In order to evaluate the experiment, Benezet arranged for a graduate student from Boston University to come up and test the Manchester children at various times in the sixth grade. The results were remarkable. At the beginning of their sixth grade year, the children in the experimental classes, who had not been taught any arithmetic, performed much better than those in the traditional classes on story problems that could be solved by common sense and a general understanding of numbers and measurement. Of course, at the beginning of sixth grade, those in the experimental classes performed worse on the standard school arithmetic tests, where the problems were set up in the usual school manner and could be solved simply by applying the rote-learned algorithms. But by the end of sixth grade those in the experimental classes had completely caught up on this and were still way ahead of the others on story problems.

In sum, Benezet showed that kids who received just one year of arithmetic, in sixth grade, performed at least as well on standard calculations and much better on story problems than kids who had received several years of arithmetic training. This was all the more remarkable because of the fact that those who received just one year of training were from the poorest neighborhoods--the neighborhoods that had previously produced the poorest test results. Why have almost no educators heard of this experiment? Why isn't Benezet now considered to be one of the geniuses of public education? I wonder.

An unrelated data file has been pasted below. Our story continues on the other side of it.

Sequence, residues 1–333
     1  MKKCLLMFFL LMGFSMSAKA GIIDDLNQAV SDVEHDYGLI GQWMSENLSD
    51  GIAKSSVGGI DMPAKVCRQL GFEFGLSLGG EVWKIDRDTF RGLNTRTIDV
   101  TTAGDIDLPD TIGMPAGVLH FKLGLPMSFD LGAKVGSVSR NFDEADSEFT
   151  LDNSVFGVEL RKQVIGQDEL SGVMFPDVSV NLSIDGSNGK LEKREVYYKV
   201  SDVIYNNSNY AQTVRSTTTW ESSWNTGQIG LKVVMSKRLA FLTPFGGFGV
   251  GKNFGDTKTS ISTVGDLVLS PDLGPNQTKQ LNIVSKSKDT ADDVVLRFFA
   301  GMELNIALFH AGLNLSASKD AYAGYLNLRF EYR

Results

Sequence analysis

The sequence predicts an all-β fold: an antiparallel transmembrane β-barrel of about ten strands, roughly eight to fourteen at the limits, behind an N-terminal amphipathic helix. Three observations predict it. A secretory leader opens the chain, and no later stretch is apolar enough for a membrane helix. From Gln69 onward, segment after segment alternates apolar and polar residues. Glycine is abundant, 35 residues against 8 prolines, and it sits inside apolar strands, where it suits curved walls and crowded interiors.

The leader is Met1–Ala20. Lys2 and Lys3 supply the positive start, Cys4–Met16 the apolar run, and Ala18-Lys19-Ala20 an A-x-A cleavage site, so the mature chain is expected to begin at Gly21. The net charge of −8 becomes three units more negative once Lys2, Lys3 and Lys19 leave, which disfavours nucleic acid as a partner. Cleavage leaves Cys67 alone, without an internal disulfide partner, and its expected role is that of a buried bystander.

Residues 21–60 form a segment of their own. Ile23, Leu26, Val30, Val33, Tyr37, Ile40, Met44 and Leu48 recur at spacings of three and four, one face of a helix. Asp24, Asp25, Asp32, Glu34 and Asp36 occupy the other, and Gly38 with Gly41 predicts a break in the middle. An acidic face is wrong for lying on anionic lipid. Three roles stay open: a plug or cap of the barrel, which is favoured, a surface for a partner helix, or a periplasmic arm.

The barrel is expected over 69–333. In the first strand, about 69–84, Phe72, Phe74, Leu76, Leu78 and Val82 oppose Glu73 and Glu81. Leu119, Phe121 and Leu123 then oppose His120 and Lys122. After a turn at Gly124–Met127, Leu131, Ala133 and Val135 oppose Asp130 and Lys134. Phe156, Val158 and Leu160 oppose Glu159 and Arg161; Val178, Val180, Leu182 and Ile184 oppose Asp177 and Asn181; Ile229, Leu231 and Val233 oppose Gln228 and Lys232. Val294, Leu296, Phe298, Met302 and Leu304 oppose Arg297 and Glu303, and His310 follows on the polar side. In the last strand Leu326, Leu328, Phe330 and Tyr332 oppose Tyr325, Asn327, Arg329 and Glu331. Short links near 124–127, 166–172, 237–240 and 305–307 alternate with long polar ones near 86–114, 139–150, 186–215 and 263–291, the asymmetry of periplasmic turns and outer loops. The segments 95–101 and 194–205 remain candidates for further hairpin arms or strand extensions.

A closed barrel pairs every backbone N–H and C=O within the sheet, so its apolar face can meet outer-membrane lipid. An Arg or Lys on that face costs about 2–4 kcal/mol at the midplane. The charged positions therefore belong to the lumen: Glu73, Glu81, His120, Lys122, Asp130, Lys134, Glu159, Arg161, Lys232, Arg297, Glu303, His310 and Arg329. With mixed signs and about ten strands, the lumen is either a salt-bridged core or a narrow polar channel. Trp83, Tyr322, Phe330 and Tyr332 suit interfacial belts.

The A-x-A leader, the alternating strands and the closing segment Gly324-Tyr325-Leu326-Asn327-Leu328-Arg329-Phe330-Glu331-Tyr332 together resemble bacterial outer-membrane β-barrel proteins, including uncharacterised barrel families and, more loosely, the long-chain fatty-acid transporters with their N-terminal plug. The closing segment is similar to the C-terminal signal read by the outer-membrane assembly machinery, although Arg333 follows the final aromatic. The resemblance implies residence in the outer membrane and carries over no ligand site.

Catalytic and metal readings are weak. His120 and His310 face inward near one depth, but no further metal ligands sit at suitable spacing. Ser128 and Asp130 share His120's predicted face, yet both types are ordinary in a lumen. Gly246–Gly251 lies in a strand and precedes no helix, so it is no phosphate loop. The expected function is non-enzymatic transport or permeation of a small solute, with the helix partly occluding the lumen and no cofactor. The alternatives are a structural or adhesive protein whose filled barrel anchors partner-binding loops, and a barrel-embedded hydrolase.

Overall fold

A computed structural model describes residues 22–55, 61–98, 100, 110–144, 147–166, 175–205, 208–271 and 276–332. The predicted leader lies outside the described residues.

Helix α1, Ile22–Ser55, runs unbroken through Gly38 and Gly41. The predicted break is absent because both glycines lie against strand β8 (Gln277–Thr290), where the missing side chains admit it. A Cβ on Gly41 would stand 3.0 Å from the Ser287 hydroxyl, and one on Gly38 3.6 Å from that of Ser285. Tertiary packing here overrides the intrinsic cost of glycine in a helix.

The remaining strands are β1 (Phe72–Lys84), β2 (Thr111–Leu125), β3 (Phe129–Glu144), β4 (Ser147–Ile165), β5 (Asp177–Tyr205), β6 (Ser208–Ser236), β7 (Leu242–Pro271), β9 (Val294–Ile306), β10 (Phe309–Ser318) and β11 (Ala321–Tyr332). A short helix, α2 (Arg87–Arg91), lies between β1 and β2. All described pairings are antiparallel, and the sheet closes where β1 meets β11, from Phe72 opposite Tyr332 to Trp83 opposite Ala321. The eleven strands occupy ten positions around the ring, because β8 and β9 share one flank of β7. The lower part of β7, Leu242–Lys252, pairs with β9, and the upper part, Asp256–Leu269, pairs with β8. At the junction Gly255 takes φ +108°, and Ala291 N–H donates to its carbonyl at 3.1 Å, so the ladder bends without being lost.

Posted by Orrin Judd at 11:26 AM


US drone raids could land CIA officers in court: expert (AFP, March 24, 2010)

The US government's refusal to offer a legal rationale for using unmanned drones to kill suspected militants in Pakistan could result in CIA officers facing prosecution for war crimes in foreign courts, a legal expert has told lawmakers.

"Prominent voices in the international legal community" were increasingly impatient with Washington's silence on the CIA's bombing raids in Pakistan and elsewhere, Kenneth Anderson, a law professor at American University, told a congressional panel on Tuesday.

Let''s see if we can think of something less intimidating than an impatient about a Marshmallow Peep?